Location: North Opdyke, Pontiac, Michigan
Size: 25.69 gpm
Owner: Oakland County & Oakland County Water Resources Commissioner’s Office
Designers: Oakland County Water Resources Commissioner’s Office CDM Smith Michigan Inc. Tooles Contracting Group LLC
Contractor: CDM Smith Michigan Inc. Tooles Contracting Group LLC
Located in North Opdyke, Pontiac, Michigan, The Clinton River Water Resource Recovery Biosolids Handling and Septage Receiving Facility project focused on the construction of a new thermal hydrolysis pretreatment (THP) system. Additionally, the project prioritized sludge dewatering system improvements, expansion and improvement of the existing dewatered biosolids storage facility, and construction of a new septage receiving facility.
The THP system is a process that involves conditioning of the sludge under high heat prior to anaerobic digestion, resulting in a more easily digested sludge and Class A Expectational Biosolids.
“What we’re trying to do here is we are creating a much, much more efficient way of treating all of these systems, our solids, out of our wastewater,” said Jim Nash, Oakland County Michigan water resources commissioner. “We are basically using what would be generally considered giant pressure cookers to break down the cell wall before it goes to anaerobic digestion, which makes it to be digested and solid about four or five times more efficient as before.”
The team worked to rebuild four separate aspects of the biosolids project: a septage receiving facility; a digester gas membrane storage dome; a covered biosolids storage pad; and the biosolids handling building.
The Septage Receiving Facility is a new masonry building housing septage processing equipment, pumps, electrical equipment, instrumentation and controls. A 60,000‐gallon underground, concrete tank stores highly organic and inert material received at the plant. In addition to providing an alternative revenue source for the water resources commissioner’s operations, the facility provides a discharge location for nearby communities and septage haulers, improving quality of life, achieving regulatory standards, and reusing the material.
The digester gas membrane storage dome, which uses existing primary and secondary digesters that were upgraded to process pretreated THP sludge, was another important aspect. This included new pump mixing systems to optimize digestion and the addition of a flexible membrane cover on the secondary digester to store biogas prior to reuse.
Third was the biosolids storage pad, a 20,400 square foot concrete storage pad with a standing seam roof keeps the dewatered biosolids dry, protected from inclement weather and ready for land application and distribution. The storage facility includes enclosed conveyors and a truck scale to efficiently manage the product prior to beneficial reuse.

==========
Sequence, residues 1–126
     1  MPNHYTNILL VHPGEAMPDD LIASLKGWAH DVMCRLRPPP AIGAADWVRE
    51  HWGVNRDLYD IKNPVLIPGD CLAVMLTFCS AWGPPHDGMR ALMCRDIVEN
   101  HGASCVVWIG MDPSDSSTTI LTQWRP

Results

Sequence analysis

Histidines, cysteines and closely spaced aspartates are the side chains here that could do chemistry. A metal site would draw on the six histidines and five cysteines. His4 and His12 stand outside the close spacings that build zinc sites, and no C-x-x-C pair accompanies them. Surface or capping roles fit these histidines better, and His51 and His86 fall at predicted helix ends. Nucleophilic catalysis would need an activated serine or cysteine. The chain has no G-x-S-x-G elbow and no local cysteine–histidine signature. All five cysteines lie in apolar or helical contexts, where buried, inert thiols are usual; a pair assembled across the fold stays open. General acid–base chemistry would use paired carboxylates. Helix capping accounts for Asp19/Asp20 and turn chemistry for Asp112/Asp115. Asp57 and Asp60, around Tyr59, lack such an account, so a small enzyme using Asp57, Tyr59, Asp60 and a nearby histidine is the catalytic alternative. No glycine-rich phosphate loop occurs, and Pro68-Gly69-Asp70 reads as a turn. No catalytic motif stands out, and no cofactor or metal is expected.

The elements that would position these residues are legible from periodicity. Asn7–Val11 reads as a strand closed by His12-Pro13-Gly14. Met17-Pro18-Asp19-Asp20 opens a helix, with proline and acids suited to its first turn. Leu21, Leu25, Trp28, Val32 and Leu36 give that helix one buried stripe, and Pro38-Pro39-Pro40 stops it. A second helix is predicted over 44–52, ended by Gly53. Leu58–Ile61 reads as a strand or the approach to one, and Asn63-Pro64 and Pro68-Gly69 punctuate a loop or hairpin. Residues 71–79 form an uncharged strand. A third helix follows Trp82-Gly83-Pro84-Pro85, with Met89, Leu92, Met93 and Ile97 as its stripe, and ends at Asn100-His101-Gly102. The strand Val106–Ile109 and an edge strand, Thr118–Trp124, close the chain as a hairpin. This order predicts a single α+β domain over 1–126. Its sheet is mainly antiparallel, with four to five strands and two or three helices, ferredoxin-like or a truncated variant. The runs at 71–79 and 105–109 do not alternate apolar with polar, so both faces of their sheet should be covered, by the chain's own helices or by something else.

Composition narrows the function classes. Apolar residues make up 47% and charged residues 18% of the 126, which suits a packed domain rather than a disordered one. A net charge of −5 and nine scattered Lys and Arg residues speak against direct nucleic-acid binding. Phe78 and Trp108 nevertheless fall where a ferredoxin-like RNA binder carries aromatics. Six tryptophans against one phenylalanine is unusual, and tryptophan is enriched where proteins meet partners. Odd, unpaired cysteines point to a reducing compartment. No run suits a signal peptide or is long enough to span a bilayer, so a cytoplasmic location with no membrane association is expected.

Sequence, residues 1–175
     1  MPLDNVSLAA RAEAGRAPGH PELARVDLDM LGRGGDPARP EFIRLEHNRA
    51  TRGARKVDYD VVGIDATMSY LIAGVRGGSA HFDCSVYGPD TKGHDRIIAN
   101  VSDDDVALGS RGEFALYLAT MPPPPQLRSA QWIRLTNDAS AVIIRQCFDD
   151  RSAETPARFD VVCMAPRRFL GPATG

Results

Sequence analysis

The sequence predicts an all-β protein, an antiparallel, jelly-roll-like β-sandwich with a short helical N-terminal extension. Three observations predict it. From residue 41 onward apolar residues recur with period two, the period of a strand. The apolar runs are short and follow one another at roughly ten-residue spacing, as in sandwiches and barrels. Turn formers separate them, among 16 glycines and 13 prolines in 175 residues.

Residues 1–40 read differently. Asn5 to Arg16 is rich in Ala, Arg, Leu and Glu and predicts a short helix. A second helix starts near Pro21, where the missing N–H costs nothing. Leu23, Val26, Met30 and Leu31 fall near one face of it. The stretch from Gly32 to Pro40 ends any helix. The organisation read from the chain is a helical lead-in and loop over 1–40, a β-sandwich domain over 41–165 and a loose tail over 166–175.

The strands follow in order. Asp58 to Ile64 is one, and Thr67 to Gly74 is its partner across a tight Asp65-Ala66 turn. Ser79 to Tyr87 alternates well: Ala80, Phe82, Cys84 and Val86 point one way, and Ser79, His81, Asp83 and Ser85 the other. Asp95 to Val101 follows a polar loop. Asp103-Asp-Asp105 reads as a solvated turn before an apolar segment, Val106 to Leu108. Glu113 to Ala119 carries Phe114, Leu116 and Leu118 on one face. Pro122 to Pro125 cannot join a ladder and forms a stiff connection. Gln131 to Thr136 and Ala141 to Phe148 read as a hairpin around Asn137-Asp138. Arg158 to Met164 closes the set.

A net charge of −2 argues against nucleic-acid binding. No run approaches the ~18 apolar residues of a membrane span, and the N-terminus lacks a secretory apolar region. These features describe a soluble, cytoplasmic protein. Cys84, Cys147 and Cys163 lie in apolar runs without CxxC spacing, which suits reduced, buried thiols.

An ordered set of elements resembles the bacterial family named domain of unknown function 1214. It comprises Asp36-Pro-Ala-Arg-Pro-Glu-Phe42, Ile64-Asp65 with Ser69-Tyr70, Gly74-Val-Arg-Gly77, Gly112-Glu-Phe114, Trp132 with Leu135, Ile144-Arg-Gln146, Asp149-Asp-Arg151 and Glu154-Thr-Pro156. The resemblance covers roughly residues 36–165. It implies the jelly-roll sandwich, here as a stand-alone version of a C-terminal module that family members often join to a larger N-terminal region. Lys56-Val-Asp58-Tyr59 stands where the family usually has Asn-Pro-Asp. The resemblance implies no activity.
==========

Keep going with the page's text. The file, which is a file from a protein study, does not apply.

Lastly, the biosolids handling building is a precast paneled, two‐story, 15,800 square foot building. It houses multiple sludge pumps, sludge screening equipment, pre‐THP and post‐digestion biosolids dewatering centrifuges, the THP train, steam boilers, polymer storage and feed, electrical equipment, and instrumentation. In conjunction with the digesters, this facility generates quality biosolids for storage.
“This is something that will have a huge payback, because first of all, we’re not going to be land-filling waste anymore,” Nash said. “And we’re going to be producing Grade A fertilizer that can be used in landscaping, that can be used in any way people want to use it and that is perfectly safe.”
A major challenge for this project was odor. The digesters were shut down for approximately one year per the construction requirements, and during this time frame the team had to dewater raw sludge and landfill it, resulting in an unpleasant odor.
Ultimately, the completion of this project would in fact reduce odors emitted from the facility, reduce the facility’s carbon footprint, and reduce the volume of biosolids by 20% and disposal costs by 50%. The facility’s dependence on natural gas was lessened with the use of methane generated from anaerobic digesters, as well.Project Year: 2021-12-21Contractor: CDM Smith Michigan Inc. Tooles Contracting Group LLCDesigners: Oakland County Water Resources Commissioner’s Office CDM Smith Michigan Inc. Tooles Contracting Group LLCOwner: Oakland County & Oakland County Water Resources Commissioner’s OfficeLocation: North Opdyke, Pontiac, MichiganCost: $41,162,000Size: 25.69 gpm